Cognitive Processing

, Volume 20, Issue 4, pp 459–477 | Cite as

An enactive approach to appropriation in the instrumented activity of trail running

  • Nadège RochatEmail author
  • Ludovic Seifert
  • Brice Guignard
  • Denis Hauw
Research Article


The incorporation of external tools during a sports activity can be analyzed through the dynamics of appropriation. In this study, we assumed that appropriation could be documented at both the phenomenological and behavioral scales and aimed to characterize trail runners’ interactions with five carrying systems (i.e., backpacks proposing different ways of carrying water) in an ecological setting. The runners ran a 3-km trail running loop, equipped with inertial sensors to quantify both their vertical oscillations and those of the carrying systems. After the trials, phenomenological data were collected in enactive interviews. Results showed that (1) the runners encountered issues related to the carrying system, whose emergence in their experiences while running revealed the interplay between the tool’s transparency (i.e., when runners provided no account of the carrying system) and opacity (i.e., when runners mentioned perceptions of disturbing system elements), and (2) when the runners carried the water bottles on the pectoral straps, they felt the system bouncing in an uncomfortable way, especially in the less technical parts of the route. We therefore investigated the low- and high-order parameters of coordination by computing the vertical accelerations and the acceleration couplings between the carrying system and the runners in order to identify coordination modes. The congruence between the runners’ experiences and the behavioral data was noted in terms of (1) the system’s vertical oscillations (i.e., low-order parameters) and (2) the couplings between the accelerations of the runners and the backpacks (i.e., high-order parameters). Our results demonstrated that the appropriation process was shaped by the interactions between the runners’ activity, the environment and the physical properties of the tool. These interactions occurred in fluctuating phases where the runners perceived the carrying systems as more or less incorporated. Our results highlighted how tool incorporation is revealed through changes in its transparency/opacity in the actor’s activity.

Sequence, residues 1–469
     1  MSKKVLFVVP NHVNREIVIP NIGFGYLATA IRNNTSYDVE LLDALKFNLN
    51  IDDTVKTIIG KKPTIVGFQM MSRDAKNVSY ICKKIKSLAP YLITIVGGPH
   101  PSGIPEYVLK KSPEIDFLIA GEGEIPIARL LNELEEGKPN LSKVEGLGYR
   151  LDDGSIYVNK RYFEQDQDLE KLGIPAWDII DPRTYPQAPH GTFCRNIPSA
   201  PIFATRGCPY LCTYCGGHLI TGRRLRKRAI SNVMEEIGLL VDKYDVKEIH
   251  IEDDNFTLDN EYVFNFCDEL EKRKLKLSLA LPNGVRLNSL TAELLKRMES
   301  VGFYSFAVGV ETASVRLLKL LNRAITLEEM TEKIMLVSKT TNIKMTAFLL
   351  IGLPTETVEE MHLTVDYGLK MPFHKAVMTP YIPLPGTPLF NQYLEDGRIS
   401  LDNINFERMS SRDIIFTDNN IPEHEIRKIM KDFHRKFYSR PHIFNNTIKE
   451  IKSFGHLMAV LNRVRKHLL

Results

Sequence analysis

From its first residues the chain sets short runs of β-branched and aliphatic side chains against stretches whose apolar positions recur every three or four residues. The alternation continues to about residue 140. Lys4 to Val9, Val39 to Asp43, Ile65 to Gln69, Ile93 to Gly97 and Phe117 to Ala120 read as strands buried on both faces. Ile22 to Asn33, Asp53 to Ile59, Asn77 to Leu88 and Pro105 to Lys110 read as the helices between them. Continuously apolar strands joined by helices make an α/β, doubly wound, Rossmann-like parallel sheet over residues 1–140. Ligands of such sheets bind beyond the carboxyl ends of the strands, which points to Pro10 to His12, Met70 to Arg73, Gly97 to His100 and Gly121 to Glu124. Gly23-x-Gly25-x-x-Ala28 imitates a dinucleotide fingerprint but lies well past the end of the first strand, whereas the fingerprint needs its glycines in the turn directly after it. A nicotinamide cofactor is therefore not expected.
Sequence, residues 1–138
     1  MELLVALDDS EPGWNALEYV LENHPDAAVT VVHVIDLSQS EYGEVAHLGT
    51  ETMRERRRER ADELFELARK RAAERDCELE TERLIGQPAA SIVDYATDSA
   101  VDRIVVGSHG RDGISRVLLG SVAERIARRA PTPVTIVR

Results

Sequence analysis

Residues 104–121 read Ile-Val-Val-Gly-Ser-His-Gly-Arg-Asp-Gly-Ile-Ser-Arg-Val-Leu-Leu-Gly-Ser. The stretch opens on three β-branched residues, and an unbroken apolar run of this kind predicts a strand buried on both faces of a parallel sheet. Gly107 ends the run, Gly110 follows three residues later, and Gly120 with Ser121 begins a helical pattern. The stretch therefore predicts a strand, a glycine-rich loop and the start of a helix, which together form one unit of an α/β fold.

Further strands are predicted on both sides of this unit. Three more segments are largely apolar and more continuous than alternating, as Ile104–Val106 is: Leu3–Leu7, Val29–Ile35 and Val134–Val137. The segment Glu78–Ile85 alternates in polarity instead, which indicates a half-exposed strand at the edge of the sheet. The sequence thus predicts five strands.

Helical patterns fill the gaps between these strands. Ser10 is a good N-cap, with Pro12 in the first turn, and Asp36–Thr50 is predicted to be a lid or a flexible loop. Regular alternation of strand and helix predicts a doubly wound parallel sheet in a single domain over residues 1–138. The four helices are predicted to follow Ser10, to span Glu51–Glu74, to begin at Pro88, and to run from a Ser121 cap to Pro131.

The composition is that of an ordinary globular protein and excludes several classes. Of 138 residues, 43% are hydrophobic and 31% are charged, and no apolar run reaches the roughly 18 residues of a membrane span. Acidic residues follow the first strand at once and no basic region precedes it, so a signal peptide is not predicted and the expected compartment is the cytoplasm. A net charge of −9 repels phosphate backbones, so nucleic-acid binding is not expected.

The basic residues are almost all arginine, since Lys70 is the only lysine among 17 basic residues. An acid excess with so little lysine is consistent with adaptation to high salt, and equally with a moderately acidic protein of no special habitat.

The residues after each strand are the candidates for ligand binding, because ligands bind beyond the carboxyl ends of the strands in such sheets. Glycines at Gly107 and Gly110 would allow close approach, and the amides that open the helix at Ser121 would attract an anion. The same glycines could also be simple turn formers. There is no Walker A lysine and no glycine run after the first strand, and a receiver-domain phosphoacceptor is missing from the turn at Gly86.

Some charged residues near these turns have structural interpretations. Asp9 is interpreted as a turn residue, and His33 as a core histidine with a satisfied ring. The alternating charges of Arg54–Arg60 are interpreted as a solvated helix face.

Enaction Phenomenology Appropriation Trail running 



At the time when the study was conducted, one author (NR) was employed in Raidlight-Vertical Outdoor LAB, Saint-Pierre-de-Chartreuse, France, and was funded by a grant from the ANRT (Association Nationale de Recherche et Technologie) under a CIFRE agreement (Industrial Convention of Learning by Research) with Raidlight and Swiss universities (Grant Number 2014/0538). This project also received the support of the CPER/GRR1880 Logistic, Mobility, and Numeric and FEDER XTerM. The funder provided support in the form of a salary for the author but had no additional role in the study design, data collection and analysis, decision to publish, or preparation of the manuscript.

Compliance with ethical standards

Conflict of interest

We declare that no competing interests exist.


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Copyright information

© Marta Olivetti Belardinelli and Springer-Verlag GmbH Germany, part of Springer Nature 2019

Authors and Affiliations

  1. 1.CETAPS Laboratory - EA 3832, Faculty of Sports SciencesUniversity of Rouen NormandyMont Saint AignanFrance
  2. 2.Centre de Recherche en Psychologie de la Santé, du Sport et du Vieillissement (PHASE)Institute of Sport Sciences of the University of Lausanne (ISSUL)LausanneSwitzerland
  3. 3.Raidlight-Vertical SASSaint-Pierre-de-ChartreuseFrance

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